People seek harmony. Humans would prefer to get along. The health of the community is important, paramount even. Even so, close-knit relationships breed tensions.
Nayami sōdan provides a less confrontational means of addressing the conflict that arises with natural tensions that emerge in intimate relationships. Importantly, they do so without the publicity and confrontation of more aggressive interventions that often lead to embarrassment, concession, and resentment.
Community solutions solve community problems. If a community is the source of a conflict, then a community can also help ameliorate that conflict.
Of course, community members know that priests typically act on the information they receive. But they also know that priests, because of their relationship to the broader community, will exercise a light, but deft touch.
Business relationships are intimate relationships. Like Japanese villages, businesses collaborating with each other form complex constellations of interdependent relationships that are deeply personal and meaningful. They are also highly charged. Like a village, participants in these relationships can feel hesitant to cause waves.
Businesseses could use a nayami sōdan.
In defense of indirectness
Working as an anthropologist across production, creative, and academic industries, I’ve spoken with many employees that are reluctant to talk to HR representatives or leaders about their experiences because they worry that candid conversations will lead to confrontations.
Mira, a content writer for a work tech company, was experiencing burnout. She confided that she felt under-appreciated in her company. When I suggested that she talk to someone on her team, she flatly refused. “If I tell someone how I really feel, I’ll end up having to have three more conversations, three more meetings. I’ll be on everyone’s radar.” The prospect of having to endure a series of follow-up one-on-ones spiked her anxiety. She didn’t want–and didn’t feel like she could handle–the confrontation. “It’s just not worth it,” Mira sighed, “No thanks.”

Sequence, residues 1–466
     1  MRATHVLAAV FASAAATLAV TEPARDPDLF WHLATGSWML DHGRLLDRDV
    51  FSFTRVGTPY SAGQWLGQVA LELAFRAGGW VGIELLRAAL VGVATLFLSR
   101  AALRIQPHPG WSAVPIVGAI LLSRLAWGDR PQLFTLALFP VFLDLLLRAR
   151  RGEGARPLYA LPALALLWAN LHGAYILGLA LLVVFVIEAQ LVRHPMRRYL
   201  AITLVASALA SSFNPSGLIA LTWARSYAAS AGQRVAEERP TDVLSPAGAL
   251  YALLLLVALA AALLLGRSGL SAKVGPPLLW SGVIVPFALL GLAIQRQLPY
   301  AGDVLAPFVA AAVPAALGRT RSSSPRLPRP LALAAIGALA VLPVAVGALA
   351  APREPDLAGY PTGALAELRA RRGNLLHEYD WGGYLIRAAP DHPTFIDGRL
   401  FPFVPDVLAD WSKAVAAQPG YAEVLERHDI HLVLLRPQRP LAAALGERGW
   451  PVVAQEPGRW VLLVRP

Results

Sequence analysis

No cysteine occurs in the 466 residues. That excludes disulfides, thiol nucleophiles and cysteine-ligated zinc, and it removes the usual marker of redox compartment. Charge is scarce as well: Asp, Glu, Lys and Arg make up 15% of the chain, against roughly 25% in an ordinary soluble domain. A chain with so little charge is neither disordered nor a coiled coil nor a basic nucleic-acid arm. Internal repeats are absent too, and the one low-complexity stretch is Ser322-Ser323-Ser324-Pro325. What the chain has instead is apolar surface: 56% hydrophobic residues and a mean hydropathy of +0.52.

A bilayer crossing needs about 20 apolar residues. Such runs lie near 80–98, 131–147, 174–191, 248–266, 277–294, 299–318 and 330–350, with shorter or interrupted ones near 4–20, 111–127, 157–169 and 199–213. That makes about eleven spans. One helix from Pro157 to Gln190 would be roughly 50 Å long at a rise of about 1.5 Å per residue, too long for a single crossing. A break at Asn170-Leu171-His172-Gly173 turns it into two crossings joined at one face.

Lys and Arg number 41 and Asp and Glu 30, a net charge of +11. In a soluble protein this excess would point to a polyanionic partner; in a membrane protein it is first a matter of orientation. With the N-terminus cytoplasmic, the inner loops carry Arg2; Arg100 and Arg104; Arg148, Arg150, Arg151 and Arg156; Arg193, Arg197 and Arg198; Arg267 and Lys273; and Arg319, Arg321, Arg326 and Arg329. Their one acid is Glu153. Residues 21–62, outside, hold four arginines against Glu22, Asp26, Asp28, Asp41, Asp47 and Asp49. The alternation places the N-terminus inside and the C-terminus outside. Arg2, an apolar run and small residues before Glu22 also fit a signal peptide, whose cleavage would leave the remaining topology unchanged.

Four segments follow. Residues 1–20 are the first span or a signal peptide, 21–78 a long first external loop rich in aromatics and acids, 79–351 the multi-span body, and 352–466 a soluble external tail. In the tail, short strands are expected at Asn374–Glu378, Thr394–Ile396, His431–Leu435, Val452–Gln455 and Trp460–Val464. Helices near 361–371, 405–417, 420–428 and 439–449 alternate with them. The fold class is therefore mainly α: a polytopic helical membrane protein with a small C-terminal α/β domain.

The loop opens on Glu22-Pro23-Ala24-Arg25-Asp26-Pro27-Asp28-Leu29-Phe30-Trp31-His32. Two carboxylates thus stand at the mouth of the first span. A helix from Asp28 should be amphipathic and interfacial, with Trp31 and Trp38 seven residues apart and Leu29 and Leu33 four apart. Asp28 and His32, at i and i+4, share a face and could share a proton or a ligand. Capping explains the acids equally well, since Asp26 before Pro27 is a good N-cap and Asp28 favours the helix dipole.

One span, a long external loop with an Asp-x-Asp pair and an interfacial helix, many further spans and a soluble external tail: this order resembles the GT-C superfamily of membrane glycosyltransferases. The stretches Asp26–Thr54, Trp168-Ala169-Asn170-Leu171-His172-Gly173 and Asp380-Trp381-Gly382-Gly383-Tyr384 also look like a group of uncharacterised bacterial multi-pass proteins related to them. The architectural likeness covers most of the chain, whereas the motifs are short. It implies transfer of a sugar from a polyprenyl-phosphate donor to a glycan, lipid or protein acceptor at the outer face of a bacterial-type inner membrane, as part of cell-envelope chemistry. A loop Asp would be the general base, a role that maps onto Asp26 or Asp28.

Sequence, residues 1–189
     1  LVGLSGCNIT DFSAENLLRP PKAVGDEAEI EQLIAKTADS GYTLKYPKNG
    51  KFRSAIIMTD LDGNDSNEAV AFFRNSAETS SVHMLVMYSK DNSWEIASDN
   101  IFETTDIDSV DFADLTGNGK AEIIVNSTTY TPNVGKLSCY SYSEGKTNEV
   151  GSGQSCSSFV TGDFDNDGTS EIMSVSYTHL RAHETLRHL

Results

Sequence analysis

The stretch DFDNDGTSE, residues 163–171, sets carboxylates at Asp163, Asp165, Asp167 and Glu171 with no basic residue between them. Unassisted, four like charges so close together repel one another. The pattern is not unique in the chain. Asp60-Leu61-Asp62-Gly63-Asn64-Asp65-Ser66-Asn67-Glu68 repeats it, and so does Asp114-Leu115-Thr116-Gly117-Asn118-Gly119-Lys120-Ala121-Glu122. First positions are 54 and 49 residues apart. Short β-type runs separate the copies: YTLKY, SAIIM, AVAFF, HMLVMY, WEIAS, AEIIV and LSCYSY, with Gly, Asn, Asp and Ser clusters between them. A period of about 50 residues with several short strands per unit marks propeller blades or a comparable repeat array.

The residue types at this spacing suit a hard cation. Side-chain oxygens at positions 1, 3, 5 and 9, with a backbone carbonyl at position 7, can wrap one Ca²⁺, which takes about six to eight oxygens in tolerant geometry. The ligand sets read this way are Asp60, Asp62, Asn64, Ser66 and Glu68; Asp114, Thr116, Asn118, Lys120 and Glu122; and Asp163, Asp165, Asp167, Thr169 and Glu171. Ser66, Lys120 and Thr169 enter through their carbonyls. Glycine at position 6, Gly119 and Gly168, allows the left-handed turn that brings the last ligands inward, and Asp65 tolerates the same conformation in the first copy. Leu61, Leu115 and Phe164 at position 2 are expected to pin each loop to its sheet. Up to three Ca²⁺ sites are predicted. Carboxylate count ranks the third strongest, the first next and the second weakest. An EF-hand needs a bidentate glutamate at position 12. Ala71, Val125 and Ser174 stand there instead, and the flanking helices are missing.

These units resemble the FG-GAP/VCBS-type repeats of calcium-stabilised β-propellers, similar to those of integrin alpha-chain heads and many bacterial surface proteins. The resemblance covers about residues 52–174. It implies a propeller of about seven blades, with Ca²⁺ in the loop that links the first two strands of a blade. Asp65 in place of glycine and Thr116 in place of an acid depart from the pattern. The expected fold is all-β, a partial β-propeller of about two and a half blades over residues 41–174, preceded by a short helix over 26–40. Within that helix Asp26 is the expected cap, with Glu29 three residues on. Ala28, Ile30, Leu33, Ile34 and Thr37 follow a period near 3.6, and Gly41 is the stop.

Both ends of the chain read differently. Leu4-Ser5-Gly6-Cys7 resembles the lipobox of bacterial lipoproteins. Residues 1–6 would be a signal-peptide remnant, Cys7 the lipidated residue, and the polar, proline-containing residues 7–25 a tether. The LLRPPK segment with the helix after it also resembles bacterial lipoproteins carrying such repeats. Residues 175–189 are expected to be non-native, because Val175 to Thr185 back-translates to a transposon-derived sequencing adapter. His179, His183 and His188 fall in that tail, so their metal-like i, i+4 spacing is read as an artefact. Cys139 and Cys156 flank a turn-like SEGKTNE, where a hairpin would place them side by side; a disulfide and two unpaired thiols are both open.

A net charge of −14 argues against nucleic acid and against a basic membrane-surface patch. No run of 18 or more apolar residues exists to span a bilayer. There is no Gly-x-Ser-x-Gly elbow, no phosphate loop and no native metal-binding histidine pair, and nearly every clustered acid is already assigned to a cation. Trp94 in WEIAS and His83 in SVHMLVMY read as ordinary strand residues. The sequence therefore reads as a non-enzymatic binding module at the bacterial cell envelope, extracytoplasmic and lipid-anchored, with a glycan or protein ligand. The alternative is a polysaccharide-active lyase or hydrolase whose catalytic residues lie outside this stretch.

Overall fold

Dean, a canning line operator at a midsize brewery, didn’t see eye-to-eye with the production manager. He felt talked down to, disrespected in meetings, and as if his ideas for improving workflow weren’t taken seriously. Talking over a beer, he confessed that while he hated the dynamic, he had no plans to address it. “I just don’t want to get into it with him.” Dean wasn’t comfortable with conflict. “My dad and my friends say that I need to be direct with him, but I don’t want it to become a fight.” He worried about having to defend his feelings, whether he could make a strong enough case, whether he’d come out of the meeting looking like a fool or a crybaby. Faced with the potential of more friction, Dean resigned himself. “I’m just going to keep my head down. It’s not worth it.”
I’ve encountered this theme again and again. Negative employee experience, but the feeling that it “wasn’t worth it” to address the problem for fear of exacerbating an already fractious situation.
It’s not a weakness nor a failing. Rather, these employees express a desire to maintain harmony, even at personal cost. Organizations attract different personalities. Not everyone is comfortable with conflict. Direct intervention doesn’t have to be the only method for resolving internal strife.